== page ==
The most in-demand thing in beauty right now isn’t a product — it’s transparency.
Transparency is information-sharing by a brand to differentiate itself within the market and cultivate trust with consumers. The type of information shared varies in nature depending on the brand — a clean brand is likely to practice ingredient transparency while a brand that prides itself on affordability is apt to share its pricing philosophy. Some brands openly share information about every aspect of their business.
What’s consistent, though, is the motivation to share: Consumers, particularly Gen Zers, want to know as much information as possible about the products they’re buying and the companies they’re patronizing, and their demands have beauty brands talking.
“This demand of customers wanting to be seen, heard and valued as one of the most important stakeholders of the business is increasing,” said Liah Yoo, the YouTube influencer and founder of the skin care brand Krave Beauty. “Approaching the customer with respect as a human, not as a customer, I don’t see that as a trend, but I do think that is a generational shift.”
Beauty marketing and communications strategies used to be based on “fear-mongering” or “key ingredient stories,” as companies “used to hold more information” than consumers,” Yoo said.
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“Now, that power dynamic has shifted: Consumers have more or unlimited access to information,” she said. “When this is the case, the role of marketing and communications should evolve from purely selling and promoting products to sharing your learnings as a brand.”
Yoo did just that — shared Krave’s learnings — late last year when she sent out a 16-page PDF to more than 100,000 people who subscribe to the company’s newsletter. The report covered topics such as the racial makeup of Krave’s employee and customer bases, its progress to offset carbon emissions, its efforts to try new packaging materials, its donations and the fact that its business grew 250 percent in 2020 despite not launching a single product.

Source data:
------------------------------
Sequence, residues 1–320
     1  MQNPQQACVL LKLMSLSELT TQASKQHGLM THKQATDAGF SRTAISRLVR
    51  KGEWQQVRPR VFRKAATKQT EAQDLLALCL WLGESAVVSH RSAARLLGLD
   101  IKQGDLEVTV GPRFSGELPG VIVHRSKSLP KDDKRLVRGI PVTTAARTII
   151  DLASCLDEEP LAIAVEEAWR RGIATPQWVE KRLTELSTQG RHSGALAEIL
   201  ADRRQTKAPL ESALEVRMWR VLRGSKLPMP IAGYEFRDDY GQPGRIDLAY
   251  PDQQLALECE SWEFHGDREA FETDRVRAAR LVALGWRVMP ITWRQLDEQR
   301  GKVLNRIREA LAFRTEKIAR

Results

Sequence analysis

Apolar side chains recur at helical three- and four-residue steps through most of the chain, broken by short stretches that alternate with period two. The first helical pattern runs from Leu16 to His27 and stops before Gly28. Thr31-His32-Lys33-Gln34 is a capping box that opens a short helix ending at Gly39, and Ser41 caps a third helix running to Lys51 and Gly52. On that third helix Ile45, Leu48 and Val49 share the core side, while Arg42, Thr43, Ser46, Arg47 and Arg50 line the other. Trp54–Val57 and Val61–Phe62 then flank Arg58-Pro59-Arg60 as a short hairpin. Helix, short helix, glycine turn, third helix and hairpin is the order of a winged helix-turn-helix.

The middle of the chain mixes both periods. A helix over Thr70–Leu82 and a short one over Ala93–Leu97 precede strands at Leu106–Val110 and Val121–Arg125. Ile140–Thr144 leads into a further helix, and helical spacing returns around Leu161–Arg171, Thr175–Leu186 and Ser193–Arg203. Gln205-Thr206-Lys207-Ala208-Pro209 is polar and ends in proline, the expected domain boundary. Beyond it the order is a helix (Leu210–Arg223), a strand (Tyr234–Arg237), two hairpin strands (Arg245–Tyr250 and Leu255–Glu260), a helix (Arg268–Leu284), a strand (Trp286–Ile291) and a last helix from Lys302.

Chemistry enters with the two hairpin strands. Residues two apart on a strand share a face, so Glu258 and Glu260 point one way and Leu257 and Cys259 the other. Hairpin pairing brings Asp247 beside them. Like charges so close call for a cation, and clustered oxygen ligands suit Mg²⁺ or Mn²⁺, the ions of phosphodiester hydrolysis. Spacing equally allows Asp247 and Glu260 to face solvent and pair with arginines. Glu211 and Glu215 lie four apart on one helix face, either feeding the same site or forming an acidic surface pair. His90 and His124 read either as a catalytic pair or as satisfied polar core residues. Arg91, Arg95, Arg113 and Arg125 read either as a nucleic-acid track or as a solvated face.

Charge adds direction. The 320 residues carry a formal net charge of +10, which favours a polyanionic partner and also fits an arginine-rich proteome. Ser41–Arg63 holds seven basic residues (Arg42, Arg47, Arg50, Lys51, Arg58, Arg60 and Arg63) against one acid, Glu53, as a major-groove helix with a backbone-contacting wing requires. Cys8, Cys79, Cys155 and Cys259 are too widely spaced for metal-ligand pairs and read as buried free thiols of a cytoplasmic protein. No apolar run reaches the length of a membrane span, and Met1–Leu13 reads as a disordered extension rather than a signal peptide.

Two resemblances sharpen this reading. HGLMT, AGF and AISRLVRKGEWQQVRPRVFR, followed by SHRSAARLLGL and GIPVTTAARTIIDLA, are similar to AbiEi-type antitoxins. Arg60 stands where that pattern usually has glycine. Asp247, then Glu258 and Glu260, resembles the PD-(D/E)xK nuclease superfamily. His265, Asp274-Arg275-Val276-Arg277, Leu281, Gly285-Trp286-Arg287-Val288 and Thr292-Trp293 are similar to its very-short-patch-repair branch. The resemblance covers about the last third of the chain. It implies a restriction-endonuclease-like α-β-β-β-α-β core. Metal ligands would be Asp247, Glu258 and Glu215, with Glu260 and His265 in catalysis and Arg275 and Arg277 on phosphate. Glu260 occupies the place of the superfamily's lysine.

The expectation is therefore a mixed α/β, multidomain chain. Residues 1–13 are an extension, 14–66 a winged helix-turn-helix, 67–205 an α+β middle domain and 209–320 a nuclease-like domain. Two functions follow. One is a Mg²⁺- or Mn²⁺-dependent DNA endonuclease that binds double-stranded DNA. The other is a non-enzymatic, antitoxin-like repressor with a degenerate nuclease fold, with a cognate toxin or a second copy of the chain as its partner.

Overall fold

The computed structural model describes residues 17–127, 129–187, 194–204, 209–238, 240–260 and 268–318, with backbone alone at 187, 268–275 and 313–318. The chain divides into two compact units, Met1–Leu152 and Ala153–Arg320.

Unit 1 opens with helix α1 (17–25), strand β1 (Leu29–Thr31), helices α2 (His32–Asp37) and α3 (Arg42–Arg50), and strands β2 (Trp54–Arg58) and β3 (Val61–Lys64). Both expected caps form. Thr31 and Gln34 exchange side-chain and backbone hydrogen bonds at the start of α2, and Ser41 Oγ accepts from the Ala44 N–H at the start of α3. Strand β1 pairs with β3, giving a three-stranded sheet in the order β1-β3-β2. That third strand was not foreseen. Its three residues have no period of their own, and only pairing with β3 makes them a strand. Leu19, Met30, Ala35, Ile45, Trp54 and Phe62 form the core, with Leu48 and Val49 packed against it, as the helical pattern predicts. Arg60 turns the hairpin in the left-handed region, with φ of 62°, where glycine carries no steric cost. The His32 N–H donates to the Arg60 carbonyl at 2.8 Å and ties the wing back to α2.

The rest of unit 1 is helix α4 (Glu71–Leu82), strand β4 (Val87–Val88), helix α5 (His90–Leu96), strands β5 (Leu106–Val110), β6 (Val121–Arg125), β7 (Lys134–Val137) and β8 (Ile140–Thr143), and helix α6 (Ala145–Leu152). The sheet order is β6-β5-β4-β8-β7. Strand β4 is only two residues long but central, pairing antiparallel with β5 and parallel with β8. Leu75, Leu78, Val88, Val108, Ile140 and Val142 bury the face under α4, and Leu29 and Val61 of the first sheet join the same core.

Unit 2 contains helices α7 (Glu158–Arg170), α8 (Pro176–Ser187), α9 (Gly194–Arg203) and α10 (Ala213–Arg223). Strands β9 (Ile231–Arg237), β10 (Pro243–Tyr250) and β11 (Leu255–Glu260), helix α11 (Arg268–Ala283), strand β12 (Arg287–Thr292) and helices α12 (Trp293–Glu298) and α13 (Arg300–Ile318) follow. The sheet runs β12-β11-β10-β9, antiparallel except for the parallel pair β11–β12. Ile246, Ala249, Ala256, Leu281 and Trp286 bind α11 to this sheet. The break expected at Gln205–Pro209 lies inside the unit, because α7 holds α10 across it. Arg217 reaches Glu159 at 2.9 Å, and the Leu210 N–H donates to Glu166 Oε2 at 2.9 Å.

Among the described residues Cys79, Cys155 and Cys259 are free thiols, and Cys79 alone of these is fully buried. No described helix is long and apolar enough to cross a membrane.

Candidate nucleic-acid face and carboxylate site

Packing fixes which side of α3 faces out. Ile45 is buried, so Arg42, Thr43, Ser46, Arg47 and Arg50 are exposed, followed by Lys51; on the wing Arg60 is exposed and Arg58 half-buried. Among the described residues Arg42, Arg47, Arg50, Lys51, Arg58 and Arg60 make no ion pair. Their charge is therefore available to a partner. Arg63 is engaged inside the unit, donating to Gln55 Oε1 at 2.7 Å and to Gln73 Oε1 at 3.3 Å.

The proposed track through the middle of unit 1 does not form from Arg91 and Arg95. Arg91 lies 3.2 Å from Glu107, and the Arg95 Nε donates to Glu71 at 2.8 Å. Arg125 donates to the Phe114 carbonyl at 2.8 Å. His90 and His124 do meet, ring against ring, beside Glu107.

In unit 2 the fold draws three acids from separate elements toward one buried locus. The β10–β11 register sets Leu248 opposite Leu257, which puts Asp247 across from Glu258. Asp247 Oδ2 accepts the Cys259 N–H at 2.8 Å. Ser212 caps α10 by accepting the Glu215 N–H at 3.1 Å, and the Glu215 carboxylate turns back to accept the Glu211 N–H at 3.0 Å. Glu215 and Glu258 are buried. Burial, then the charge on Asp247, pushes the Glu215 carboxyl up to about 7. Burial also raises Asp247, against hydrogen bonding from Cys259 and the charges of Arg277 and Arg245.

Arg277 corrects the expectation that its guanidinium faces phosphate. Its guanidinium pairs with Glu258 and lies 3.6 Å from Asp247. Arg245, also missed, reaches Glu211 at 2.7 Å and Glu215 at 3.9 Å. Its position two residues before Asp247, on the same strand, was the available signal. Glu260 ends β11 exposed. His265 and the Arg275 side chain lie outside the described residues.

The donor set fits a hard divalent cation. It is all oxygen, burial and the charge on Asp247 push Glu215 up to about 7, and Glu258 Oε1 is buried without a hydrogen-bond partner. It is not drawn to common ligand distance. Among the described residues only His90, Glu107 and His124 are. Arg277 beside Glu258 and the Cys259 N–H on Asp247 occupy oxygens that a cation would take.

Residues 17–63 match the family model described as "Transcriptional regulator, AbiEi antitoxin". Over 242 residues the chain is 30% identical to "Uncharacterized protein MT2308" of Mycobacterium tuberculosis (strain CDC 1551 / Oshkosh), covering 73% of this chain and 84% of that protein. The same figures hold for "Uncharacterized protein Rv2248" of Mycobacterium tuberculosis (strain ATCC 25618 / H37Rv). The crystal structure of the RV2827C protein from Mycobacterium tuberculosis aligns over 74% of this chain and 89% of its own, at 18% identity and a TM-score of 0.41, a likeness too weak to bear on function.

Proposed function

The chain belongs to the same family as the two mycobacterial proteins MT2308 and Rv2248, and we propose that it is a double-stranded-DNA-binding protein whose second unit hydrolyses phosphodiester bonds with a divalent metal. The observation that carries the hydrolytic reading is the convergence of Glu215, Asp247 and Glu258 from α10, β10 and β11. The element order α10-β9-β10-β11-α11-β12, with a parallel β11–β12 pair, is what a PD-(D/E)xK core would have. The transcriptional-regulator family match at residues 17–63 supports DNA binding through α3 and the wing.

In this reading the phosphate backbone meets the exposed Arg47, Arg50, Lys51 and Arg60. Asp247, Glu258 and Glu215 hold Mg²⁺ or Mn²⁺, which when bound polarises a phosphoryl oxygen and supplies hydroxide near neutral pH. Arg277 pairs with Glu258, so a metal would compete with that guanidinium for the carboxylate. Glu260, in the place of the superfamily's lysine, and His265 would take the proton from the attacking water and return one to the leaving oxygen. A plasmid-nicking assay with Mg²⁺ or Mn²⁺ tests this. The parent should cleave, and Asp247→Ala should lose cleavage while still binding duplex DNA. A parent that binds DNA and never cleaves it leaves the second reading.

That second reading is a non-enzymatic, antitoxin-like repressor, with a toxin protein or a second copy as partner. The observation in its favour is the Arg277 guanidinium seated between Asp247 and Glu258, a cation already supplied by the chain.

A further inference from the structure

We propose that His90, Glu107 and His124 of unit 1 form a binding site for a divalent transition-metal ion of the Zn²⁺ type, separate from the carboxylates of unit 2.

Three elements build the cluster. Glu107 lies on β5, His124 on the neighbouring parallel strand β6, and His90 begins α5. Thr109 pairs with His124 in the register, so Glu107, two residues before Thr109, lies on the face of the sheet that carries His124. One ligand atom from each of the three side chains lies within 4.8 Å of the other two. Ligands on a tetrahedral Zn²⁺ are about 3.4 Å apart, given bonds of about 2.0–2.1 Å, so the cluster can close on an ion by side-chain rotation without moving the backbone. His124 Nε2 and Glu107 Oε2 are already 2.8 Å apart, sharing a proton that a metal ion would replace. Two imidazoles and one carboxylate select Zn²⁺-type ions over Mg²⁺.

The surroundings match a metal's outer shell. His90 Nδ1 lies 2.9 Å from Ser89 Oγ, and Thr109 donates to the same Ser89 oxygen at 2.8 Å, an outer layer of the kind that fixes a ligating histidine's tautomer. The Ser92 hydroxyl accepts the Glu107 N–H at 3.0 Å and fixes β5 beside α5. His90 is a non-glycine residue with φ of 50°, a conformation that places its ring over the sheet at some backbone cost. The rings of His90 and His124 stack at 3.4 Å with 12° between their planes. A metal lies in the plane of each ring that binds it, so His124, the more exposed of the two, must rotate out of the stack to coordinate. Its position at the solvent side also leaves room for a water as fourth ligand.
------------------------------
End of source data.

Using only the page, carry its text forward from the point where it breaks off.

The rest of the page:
On New Year’s Eve, Yoo held a stakeholder meeting via Zoom, inviting customers to virtually tune in and review Krave’s 2020 highs and lows. The event was scheduled to last 90 minutes, but ran two hours overtime as 350 people tuned in and asked questions.
“People found it, I guess, refreshing,” Yoo said.
Krave’s comprehensive report was a rare, exceptional moment of transparency in the beauty industry. Yoo, for her part, admitted she “set the bar high.” But perhaps radical transparency is the new norm.
For Annie Jackson, cofounder of clean beauty retailer Credo, the “table stakes to be a brand” have risen over the past few years, with brand founders facing added pressure from consumers.
“The secret sauce of who we choose to be at Credo is not like my old life as a merchant — does [the product] fill a void, was [it] efficacious, did it smell great?” Jackson said. “Now, the bar is so much higher. The transparency and values that a brand founder has, does that align with me? Are they forthcoming and do they have a point of view when big issues arise in our country? They have to pass a sniff test in addition to having really high standards, in addition to having an awesome product.”